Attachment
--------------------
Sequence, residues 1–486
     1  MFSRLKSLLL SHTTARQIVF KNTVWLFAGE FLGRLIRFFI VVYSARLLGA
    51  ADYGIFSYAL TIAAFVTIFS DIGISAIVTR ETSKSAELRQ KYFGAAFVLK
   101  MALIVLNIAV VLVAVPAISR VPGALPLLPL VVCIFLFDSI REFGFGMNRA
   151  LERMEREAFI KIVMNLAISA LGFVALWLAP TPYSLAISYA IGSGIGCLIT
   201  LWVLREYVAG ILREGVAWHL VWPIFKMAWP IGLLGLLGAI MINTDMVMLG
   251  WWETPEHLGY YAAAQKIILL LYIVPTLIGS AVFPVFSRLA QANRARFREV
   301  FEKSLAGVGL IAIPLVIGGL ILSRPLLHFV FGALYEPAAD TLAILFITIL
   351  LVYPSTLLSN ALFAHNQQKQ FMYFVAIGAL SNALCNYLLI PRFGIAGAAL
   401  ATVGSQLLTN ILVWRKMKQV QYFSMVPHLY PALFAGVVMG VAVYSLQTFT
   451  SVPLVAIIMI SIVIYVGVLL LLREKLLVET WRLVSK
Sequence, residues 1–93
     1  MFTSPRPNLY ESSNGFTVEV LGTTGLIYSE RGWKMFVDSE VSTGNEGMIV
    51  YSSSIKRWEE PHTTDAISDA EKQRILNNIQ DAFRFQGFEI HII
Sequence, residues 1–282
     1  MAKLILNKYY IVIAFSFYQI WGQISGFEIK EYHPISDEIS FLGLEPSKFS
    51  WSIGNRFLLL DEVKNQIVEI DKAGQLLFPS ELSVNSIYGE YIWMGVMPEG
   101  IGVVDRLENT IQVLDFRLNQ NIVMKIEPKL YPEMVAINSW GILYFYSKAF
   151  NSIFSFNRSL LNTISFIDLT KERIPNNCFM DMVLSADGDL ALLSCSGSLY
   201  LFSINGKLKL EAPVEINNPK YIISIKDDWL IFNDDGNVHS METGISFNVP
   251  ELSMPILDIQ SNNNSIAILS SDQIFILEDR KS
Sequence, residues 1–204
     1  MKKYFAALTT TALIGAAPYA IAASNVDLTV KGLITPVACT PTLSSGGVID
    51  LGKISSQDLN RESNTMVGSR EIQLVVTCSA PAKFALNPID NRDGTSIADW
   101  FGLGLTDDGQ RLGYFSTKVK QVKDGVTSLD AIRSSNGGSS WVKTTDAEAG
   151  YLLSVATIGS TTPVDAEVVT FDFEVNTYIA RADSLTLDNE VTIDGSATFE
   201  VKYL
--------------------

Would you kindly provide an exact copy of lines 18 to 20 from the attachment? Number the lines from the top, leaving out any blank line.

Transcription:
   101  IGVVDRLENT IQVLDFRLNQ NIVMKIEPKL YPEMVAINSW GILYFYSKAF
   151  NSIFSFNRSL LNTISFIDLT KERIPNNCFM DMVLSADGDL ALLSCSGSLY
   201  LFSINGKLKL EAPVEINNPK YIISIKDDWL IFNDDGNVHS METGISFNVP